The future of music

Paul Mcguinness is the manager for U2, arguably the biggest band in the world. In this months Rolling Stone he wrote an article about how to save the music business. And i have to say, as a Dj and a music lover, i was very disturbed and mildly pissed. Because Paul, along with U2, Don Henley and countless other musicians have a very specific idea of how the music business should work. Now the great minds behind this idea aren’t your average musicians trying to scrape by, they are, or represent, some of the richest and most powerful artists in the biz. So here’s their Plan.

1. They would like to to have government intervention force Internet service providers to share their profits with the record companies. Their reason for this? the ISP’s haven’t stopped illegal file sharing, therefore their profits are coming from illegal activities, and therefore the money should be given back to the record companies that are losing money.

2. They would then “partner” the record companies with the ISP’s to create streaming music services that would be bundled as part of your cable or internet bill. now, for those of you that don’t understand the streaming music model, here’s how it works. You get to download a billion songs for $9-$19 per month. great, right? not so fast. First, the music doesn’t belong to you. If you downloaded 3 million songs, then two months later lost your job and couldn’t afford the package anymore, you would lose every single song when you cancelled. Their argument is that artists shouldn’t get paid for every song or cd you buy, they should get paid every single time anyone, anywhere plays their music. They don’t believe you should own their music.

3. because of the agreements with the record labels, the ISP’s would be required to monitor your web usage. Not just the amount of bandwidth you use, but what you are actually doing on the web. The reason behind this? They would  access  your every move so they could make sure you’re not downloading illegally. This would give them full access to your surfing history, potentially giving them the ability to use the information to market to you, sell to other businesses and even give the government a nice, clean, easy to get ahold of your internet activity.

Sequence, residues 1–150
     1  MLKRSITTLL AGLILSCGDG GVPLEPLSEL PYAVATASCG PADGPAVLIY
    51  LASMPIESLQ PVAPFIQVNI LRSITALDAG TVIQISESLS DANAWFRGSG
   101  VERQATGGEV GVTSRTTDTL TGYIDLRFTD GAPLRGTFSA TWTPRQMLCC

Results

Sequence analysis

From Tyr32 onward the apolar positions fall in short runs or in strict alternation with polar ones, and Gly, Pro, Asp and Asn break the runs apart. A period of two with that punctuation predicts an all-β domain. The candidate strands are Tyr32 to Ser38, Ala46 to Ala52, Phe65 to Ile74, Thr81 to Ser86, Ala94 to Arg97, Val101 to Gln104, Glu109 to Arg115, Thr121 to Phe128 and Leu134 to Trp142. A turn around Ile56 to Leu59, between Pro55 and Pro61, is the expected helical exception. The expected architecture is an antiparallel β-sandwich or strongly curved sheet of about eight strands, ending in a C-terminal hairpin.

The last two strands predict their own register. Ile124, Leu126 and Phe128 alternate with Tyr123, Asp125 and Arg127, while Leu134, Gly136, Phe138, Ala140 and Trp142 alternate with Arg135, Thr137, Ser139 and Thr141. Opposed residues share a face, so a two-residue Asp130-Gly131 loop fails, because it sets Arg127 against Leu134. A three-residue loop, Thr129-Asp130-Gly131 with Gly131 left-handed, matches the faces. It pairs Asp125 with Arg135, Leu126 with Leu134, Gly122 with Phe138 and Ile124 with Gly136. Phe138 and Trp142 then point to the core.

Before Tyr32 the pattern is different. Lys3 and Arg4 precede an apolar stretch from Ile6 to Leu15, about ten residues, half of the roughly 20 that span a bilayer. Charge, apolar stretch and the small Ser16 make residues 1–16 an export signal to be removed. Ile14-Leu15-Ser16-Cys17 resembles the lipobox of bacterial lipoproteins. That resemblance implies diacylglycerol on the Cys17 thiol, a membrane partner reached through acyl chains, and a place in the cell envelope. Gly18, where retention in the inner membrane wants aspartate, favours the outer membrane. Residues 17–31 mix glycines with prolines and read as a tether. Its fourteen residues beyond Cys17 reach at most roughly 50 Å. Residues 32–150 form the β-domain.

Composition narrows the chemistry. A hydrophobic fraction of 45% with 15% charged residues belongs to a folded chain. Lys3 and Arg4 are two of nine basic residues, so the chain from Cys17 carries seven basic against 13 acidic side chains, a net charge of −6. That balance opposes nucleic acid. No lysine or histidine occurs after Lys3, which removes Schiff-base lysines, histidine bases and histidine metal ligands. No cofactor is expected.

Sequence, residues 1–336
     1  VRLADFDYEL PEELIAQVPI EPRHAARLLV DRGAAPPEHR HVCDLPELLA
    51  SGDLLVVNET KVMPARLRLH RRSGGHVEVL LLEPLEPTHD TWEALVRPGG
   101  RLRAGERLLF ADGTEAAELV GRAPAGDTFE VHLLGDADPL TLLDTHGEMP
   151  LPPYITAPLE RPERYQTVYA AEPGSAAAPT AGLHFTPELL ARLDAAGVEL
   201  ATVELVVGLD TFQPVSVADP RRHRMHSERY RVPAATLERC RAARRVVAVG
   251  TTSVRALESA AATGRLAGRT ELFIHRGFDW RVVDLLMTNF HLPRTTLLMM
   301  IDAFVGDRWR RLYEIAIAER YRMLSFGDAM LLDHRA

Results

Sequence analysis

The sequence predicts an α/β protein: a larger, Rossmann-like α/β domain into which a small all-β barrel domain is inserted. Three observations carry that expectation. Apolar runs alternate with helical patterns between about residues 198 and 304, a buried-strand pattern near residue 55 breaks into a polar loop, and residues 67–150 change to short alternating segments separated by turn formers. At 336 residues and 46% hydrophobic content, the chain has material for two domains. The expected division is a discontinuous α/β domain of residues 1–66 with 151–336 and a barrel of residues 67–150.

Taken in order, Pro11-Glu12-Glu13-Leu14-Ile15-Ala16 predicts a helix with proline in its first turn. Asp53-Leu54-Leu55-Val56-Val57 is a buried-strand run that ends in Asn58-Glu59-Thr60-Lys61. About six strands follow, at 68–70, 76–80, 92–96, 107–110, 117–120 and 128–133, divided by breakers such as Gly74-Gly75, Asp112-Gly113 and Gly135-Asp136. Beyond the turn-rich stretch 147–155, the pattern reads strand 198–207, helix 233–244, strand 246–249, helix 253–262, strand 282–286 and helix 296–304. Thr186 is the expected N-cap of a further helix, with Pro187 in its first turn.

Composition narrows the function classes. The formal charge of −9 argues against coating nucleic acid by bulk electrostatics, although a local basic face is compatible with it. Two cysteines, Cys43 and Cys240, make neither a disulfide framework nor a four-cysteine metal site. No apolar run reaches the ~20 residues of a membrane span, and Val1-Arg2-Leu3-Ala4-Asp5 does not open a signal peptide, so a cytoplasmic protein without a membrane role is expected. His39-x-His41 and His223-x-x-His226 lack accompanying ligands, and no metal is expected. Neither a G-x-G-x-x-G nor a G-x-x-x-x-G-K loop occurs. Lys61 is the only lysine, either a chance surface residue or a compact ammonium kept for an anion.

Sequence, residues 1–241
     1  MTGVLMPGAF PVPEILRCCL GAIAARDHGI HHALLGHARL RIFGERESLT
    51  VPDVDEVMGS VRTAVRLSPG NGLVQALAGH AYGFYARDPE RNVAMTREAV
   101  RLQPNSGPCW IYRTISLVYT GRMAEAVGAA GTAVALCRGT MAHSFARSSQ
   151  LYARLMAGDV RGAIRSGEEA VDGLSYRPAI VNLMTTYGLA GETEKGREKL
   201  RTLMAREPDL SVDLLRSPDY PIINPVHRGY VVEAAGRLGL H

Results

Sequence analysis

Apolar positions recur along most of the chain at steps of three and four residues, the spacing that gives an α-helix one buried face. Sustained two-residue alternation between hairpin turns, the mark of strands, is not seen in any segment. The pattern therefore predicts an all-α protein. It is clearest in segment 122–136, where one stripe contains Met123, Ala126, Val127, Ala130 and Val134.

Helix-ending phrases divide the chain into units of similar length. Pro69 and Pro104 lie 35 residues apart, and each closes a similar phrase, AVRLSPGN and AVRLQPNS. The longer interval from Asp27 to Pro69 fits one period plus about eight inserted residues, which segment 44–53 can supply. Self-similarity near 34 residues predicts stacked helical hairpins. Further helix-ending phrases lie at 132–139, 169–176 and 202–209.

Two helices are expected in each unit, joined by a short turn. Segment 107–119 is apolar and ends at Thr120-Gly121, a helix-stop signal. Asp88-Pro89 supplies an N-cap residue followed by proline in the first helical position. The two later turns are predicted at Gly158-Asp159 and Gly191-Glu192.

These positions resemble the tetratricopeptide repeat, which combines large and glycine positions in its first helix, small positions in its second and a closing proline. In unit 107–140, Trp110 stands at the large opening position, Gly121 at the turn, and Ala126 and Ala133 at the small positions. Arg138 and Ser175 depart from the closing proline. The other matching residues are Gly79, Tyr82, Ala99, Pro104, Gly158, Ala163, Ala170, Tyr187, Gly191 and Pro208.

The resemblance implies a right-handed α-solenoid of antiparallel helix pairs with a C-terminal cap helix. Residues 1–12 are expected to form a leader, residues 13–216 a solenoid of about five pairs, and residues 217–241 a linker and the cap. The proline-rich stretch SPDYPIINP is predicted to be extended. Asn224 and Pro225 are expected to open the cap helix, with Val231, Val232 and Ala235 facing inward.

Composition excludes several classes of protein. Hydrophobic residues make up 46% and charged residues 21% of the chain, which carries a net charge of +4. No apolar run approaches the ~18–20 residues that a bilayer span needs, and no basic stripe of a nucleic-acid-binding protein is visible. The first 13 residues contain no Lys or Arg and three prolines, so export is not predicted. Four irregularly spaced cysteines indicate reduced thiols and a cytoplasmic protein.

4. Next, it would be at the disretion of the labels and ISP’s as to what devices, or how many devices you would be able to use to listen to the music. This would allow one type of corporation to decide what other corporations will succeed in the music business. so if Time Warner is pissed at Phillips, well, Phillips might not be able to stream music on any of their MP3 players.

I’m sure this all seems far fetched and way too 1984 to ever really happen. But the UK and France are currently doing studies about the viability of this exact model. If this becomes common practice in European countries, how long before it comes to the US? Here’s a fact for you: Rhapsody, the only major player in the music subscription service game, only controls 3.4% of the music market. So we are talking about fundamentally changing internet and music freedoms to push a pseudo eutopion plan that 96.6% of Americans currently  have no interest in.

I think that one of the things that bothers me most about the Article in Rolling Stone is the way it completely clears the record companies of any blame for the current state of the music business. They are portrayed as the poor, scrappy underdog that can’t fairly compensate or develop their artists. I’m all for capitalism, i think that you should be able to make a good profit on your hard work. But in 2009 the record industry made 16 BILLION in PROFIT. So where is this money going? if you can’t pay your artists fairly and make a good profit from 16 billion, then maybe you should fix the system YOU broke, not drag big business, internet providers and the government into a whole new scheme. because all i see is the industry proving once again that they don’t give a shit about the music or the fans, just the bottom line.

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